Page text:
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After eight years working on a massive project with widespread implications on privacy in America, the FBI has announced that it wants its new policing software—which is already being rolled out to departments across the country—to be exempt from a federal privacy law. Further, it is giving the public only 21 days to research and comment on the matter, enraging many civil-rights groups.

The new system, known as NGI, is a federal mishmash of the latest biometric technologies. It incorporates facial recognition, iris recognition, palm printing, and fingerprinting, among other things, into a searchable federal database that is already shared with over 20,000 law enforcement agencies across the country. Over 120 million records are already stored in the database.

For years, the FBI has been compiling this data and distributing the technology without issuing what is called a "Systems of Records Notice," which is required by the Privacy Act, a federal law that governs the collection of some private information. The notice is required for any system that collects and uses Americans' personal information, describing not only how the data is used, but how it is protected. Yet it was only last month that it put the notice up in the Federal Register, along with its request for Privacy Act exemption.

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"The FBI waited over half a decade to publish a basic privacy notice about NGI. Now, the American people have 21 business days to comment on that system–and the FBI’s request to make most of it secret," reads a letter signed by several civil-rights groups. "This is far too little time."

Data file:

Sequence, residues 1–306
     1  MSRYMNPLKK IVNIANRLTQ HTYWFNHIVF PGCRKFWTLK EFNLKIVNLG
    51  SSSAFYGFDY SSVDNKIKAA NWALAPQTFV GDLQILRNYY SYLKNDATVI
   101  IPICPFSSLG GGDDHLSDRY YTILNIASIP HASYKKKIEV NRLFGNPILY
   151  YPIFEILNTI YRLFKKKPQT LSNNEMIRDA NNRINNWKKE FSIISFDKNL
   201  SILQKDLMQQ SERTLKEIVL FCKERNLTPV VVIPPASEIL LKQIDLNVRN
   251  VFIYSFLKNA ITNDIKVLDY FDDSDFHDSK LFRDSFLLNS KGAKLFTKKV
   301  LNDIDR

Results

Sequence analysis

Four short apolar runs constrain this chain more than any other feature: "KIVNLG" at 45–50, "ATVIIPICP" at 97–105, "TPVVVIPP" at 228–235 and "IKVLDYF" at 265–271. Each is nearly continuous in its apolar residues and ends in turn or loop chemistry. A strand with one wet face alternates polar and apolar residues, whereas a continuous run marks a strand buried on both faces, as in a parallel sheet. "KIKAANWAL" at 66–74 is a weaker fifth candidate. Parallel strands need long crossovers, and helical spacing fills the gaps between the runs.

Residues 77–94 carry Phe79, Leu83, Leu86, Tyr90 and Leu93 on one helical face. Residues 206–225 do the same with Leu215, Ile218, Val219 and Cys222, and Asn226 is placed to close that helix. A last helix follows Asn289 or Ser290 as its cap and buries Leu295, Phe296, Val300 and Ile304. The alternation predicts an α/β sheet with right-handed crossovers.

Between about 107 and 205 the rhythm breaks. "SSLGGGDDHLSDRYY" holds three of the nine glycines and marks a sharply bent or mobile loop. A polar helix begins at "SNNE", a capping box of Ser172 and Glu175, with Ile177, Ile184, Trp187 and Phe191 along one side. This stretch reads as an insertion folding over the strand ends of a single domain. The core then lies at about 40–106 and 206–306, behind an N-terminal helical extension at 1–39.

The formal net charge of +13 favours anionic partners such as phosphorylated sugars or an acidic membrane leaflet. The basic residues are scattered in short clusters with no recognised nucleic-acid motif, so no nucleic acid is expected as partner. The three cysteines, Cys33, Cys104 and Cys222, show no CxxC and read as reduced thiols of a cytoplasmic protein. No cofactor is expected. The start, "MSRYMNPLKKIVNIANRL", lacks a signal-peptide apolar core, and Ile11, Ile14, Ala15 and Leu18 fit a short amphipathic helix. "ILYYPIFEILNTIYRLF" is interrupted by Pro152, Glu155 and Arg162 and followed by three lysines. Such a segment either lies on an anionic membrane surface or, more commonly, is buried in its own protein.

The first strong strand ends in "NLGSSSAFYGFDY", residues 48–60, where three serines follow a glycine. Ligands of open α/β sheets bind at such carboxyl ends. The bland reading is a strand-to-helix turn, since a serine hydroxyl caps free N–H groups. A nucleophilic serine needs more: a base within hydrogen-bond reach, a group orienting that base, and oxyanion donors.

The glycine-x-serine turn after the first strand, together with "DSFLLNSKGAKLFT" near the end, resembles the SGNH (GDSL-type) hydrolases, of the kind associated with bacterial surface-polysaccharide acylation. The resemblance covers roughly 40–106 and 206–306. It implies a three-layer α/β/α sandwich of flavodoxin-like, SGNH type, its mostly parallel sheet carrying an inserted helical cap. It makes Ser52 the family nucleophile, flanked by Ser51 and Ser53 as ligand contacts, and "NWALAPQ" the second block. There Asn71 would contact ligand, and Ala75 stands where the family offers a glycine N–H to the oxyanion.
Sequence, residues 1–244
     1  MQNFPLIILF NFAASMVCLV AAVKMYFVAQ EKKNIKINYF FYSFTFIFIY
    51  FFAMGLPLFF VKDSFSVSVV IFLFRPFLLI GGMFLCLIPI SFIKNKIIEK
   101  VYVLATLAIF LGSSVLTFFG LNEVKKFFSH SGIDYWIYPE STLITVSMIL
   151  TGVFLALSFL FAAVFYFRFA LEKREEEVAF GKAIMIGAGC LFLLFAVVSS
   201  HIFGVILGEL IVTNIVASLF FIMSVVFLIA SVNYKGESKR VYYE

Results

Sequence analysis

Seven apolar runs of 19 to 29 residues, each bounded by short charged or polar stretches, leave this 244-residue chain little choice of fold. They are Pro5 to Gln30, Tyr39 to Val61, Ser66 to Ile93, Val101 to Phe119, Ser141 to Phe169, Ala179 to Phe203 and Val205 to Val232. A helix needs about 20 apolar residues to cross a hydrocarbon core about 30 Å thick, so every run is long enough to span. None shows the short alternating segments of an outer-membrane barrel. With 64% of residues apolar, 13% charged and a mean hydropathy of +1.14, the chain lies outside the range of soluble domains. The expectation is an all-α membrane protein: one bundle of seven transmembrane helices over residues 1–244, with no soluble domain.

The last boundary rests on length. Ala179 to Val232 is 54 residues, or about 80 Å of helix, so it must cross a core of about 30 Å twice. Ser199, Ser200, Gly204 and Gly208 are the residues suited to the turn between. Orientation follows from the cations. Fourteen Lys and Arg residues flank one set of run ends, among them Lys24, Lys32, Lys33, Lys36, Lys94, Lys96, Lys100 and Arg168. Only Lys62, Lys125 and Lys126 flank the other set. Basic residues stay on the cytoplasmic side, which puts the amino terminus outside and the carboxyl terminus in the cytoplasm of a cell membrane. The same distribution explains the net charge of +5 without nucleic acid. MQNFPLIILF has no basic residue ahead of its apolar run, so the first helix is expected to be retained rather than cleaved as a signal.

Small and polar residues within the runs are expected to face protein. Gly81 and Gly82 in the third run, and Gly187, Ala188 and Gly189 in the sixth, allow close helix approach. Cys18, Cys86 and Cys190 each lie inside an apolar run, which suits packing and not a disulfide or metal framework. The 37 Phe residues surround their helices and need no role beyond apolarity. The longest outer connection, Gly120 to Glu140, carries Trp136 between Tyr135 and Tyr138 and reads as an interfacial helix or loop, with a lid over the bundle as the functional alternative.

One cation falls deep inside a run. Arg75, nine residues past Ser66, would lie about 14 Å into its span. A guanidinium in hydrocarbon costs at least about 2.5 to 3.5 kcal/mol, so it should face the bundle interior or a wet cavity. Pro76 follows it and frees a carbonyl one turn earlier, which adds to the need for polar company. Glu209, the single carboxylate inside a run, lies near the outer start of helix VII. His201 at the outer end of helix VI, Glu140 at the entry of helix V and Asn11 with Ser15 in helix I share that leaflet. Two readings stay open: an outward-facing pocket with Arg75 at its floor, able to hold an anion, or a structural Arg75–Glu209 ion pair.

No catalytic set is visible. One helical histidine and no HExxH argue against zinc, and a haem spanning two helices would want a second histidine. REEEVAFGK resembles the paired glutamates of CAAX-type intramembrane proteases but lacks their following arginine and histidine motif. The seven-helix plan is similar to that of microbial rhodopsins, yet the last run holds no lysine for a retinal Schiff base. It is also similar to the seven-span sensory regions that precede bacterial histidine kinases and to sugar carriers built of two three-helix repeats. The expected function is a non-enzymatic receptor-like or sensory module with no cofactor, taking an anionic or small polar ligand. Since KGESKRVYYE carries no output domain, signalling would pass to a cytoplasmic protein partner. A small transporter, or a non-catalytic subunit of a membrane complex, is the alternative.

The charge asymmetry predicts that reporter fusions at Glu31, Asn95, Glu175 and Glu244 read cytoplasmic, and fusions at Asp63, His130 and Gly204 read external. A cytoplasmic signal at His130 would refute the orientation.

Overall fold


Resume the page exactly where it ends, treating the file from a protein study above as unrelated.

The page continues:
Specifically, the letter—signed by groups such as the American Civil Liberties Union, the American Arab Institute, the National Immigration Justice Center and others—requests 30 extra days to comment on the proposal. One of the main points of contention is who the policy stands likely to affect the most, and how the removal of privacy protections might negatively impact them.

"[The database] likely includes a disproportionate number of African Americans, Latinos, and immigrants," it reads. "This is an extraordinarily broad proposal, and the system it affects is extraordinarily sensitive–particularly for the communities it may affect the most."

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Worse, they say, some of the core technology at the center of the new system is notoriously flawed when it comes to interacting with black and brown populations. Even those companies at the forefront of facial recognition technology have time and time again been proven to have a harder time recognizing darker people's faces.

Last year, Google Photos made a huge blunder when its newly released technology was wrongly identifying black people's faces as gorillas. In 2009, Hewlett-Packart's Mediasmart webcam was unable to even identify a black person's face as a face, as seen in the viral video below. Same happened with Microsoft's Kinetic device in 2010.

Part of these longstanding issues come from an inherent flaw in how the technology actually works. As HP explained in the 2010 debacle, it's harder for algorithms to "measure the difference in intensity of contrast between the eyes and the upper cheek and nose" on a darker subject.

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But at least part of the problem might be the tech bubbles that this software is being developed within. A 2011 study found that software built in east Asia was better at recognizing east Asian faces, while software developed in North America and Europe is better at recognizing white faces.